Stephen Colbert, host of CBS's The Late Show, directly addressed the sexual harassment allegations levied against his boss, Les Moonves, on Monday night, as an example of what the #MeToo movement at large is about.
Moonves, the CEO of CBS Corporation, was accused of sexually harassing six women in a New Yorker piece by Ronan Farrow published on Friday.
In it, Farrow interviewed women who alleged that Moonves harassed them in the early '80s until the early '00s.
Some of Moonves' purported transgressions include putting his hand up a woman's skirt and using intimidation as a means of getting back at women who refused his advances.
Colbert approached the topic in his opening monologue with his usual flair, making jokes about the issue before noting that he would address it further when he sat down at his desk. "We're coming up on one year of general awareness of the #MeToo movement and I think that milestone is worth celebrating," he said.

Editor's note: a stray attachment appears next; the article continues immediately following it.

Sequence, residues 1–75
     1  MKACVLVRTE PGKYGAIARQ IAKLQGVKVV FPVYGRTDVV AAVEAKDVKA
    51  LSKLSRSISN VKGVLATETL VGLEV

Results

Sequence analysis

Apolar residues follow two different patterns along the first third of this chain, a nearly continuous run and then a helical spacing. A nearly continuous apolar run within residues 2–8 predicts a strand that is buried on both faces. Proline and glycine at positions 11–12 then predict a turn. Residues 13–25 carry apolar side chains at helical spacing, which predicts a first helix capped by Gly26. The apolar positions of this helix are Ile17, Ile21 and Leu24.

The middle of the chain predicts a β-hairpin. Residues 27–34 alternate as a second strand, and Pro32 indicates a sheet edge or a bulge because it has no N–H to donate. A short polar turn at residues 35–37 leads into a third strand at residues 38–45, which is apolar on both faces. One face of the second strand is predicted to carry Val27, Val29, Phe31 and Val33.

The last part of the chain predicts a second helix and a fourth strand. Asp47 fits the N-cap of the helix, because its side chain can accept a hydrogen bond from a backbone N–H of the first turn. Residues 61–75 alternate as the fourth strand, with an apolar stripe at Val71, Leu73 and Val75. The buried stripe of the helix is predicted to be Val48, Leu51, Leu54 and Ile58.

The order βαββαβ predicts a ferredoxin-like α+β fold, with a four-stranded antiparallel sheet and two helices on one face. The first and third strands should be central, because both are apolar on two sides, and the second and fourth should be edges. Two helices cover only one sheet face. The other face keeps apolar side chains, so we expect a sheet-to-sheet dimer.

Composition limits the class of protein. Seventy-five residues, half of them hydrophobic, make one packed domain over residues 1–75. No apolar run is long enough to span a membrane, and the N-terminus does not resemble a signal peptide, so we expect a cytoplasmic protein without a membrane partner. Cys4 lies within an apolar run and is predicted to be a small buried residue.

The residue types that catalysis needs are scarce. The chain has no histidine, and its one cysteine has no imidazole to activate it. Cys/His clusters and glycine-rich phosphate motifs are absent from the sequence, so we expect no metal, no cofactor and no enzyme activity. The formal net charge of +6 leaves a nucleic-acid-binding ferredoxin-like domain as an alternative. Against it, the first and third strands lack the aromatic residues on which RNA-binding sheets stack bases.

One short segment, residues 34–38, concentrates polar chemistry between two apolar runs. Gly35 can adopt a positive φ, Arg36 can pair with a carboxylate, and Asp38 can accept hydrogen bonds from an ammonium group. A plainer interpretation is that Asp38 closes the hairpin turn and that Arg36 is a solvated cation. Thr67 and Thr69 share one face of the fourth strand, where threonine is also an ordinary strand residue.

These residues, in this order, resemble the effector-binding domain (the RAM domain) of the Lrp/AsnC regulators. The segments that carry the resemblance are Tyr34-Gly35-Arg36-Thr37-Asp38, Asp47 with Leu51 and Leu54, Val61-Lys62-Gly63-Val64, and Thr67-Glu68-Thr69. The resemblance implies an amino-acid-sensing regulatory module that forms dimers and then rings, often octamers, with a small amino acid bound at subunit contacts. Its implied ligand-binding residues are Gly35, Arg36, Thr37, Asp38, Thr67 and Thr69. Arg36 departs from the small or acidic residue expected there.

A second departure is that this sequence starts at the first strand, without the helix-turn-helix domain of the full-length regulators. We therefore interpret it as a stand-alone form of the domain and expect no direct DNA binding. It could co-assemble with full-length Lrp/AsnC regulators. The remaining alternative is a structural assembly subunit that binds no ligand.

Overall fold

Colbert then expressed his naïveté regarding the tidal wave of accusations against many men since the movement began last year, which he said "shocked" him. But the host said that for many women in his life, "it has brought a welcome sense of relief that something's finally happening."
Colbert used a quote from former president John F. Kennedy, who once said, "Those who make peaceful revolution impossible will make violent revolution inevitable."
Colbert said, referring to the movement, that "we shouldn't be surprised that when the change comes, it comes radically."
"This roar is just a natural backlash to all that silence," he said.